Apple adds BIMI to next operating system update


Apple is adding BIMI (brand indicators for message identification) to its next round of iOS 16 and macOS Ventura updates this fall, a move that will benefit consumers and companies. 

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BIMI lets brands display their logos next to authenticated emails. Those logos will only be displayed when both the email and the logo are properly authenticated. It gives consumers an easy way to differentiate actual company emails from cyberattacks in emails posing as a big brand.

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With 850 million users and estimated 58% of desktop client market share, Apple’s decision is a big boost for BIMI. It is currently only used by 9% of companies, according to a study by Litmus, an email optimization vendor. 

In addition to Apple, BIMI is supported by email providers Gmail, Yahoo, AOL and Fastmail and many email support companies including Valimail, Validity, Mailchimp, Proofpoint, Mailchimp, Proofpoint and Twilio SendGrid.

Dig deeper: How BIMI will boost brand recognition, email engagement

The program was developed by The AuthIndicators Working Group, a vendor-neutral committee of companies working to reduce email fraud through increased use of authentication. Its members include Google, Fastmail, MailChimp, Proofpoint, Twilio, Validity, Valimail and Yahoo.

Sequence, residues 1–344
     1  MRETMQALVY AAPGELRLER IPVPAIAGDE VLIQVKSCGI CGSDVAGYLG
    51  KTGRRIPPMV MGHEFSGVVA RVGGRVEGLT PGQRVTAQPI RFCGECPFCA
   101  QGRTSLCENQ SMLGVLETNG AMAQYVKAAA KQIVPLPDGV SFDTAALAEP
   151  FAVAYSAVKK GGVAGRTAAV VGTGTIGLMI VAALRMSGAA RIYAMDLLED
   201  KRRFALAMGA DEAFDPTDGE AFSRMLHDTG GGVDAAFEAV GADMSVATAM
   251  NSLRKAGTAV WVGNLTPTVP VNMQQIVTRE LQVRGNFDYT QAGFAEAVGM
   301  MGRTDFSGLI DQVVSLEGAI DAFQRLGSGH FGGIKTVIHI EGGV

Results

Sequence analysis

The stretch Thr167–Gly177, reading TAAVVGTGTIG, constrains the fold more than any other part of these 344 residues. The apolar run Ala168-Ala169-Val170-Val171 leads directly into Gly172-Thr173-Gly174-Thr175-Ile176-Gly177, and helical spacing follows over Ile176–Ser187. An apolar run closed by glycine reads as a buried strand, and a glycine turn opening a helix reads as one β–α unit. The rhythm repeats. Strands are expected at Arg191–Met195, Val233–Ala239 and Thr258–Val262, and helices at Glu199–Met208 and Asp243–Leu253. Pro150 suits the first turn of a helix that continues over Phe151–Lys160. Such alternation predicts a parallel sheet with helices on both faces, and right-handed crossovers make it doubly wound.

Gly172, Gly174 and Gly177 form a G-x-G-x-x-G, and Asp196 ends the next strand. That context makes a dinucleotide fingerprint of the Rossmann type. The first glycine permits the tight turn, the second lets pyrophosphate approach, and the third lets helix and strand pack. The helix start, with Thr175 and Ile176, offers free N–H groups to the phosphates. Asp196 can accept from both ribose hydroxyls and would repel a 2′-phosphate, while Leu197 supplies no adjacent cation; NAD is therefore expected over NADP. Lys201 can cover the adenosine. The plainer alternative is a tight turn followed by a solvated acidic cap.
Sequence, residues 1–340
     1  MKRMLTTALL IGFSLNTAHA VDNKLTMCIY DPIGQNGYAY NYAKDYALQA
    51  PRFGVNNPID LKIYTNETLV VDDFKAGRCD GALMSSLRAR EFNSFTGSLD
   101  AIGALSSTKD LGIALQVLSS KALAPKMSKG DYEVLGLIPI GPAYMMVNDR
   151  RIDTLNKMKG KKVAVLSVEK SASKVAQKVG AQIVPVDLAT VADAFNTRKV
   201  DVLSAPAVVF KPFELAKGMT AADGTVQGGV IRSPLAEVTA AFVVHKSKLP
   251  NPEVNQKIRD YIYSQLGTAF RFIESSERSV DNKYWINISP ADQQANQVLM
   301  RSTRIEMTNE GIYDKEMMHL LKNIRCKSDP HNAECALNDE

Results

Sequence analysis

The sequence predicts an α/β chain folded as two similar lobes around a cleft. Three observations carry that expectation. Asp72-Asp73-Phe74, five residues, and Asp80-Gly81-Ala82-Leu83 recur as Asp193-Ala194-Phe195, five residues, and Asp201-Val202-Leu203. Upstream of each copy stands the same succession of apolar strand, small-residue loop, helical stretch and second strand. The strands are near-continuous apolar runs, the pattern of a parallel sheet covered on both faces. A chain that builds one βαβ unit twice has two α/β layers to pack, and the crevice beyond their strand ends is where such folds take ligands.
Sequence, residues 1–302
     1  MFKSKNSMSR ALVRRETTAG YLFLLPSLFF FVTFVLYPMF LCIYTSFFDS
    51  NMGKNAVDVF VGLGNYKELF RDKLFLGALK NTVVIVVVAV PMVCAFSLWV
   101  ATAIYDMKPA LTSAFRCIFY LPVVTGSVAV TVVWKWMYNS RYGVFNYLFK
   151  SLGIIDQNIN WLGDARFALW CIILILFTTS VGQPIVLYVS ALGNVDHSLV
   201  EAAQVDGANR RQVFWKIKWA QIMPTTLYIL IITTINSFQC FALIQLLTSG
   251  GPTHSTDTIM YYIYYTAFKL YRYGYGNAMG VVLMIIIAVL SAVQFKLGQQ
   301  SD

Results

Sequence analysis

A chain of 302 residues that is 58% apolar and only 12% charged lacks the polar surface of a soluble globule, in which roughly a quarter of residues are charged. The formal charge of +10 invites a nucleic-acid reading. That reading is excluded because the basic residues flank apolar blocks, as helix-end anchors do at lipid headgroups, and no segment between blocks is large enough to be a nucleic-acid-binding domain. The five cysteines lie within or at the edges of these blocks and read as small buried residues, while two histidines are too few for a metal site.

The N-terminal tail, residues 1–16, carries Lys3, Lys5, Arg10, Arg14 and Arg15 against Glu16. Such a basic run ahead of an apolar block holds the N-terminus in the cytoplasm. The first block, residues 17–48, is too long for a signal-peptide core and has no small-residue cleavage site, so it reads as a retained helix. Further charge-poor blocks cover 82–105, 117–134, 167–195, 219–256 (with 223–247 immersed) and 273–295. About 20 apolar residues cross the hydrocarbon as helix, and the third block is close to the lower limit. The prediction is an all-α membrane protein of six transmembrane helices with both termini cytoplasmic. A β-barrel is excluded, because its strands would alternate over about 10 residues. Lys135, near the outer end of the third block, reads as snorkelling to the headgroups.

Why we care. It’s odd that more companies haven’t adopted and publicized BIMI. In addition to fighting fraud — 90% of cyberattacks start with email — it gives consumers a verifiable reason to trust emails from brands and companies. 


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About The Author

Constantine von Hoffman is managing editor of MarTech. A veteran journalist, Con has covered business, finance, marketing and tech for CBSNews.com, Brandweek, CMO, and Inc. He has been city editor of the Boston Herald, news producer at NPR, and has written for Harvard Business Review, Boston Magazine, Sierra, and many other publications. He has also been a professional stand-up comedian, given talks at anime and gaming conventions on everything from My Neighbor Totoro to the history of dice and boardgames, and is author of the magical realist novel John Henry the Revelator. He lives in Boston with his wife, Jennifer, and either too many or too few dogs.



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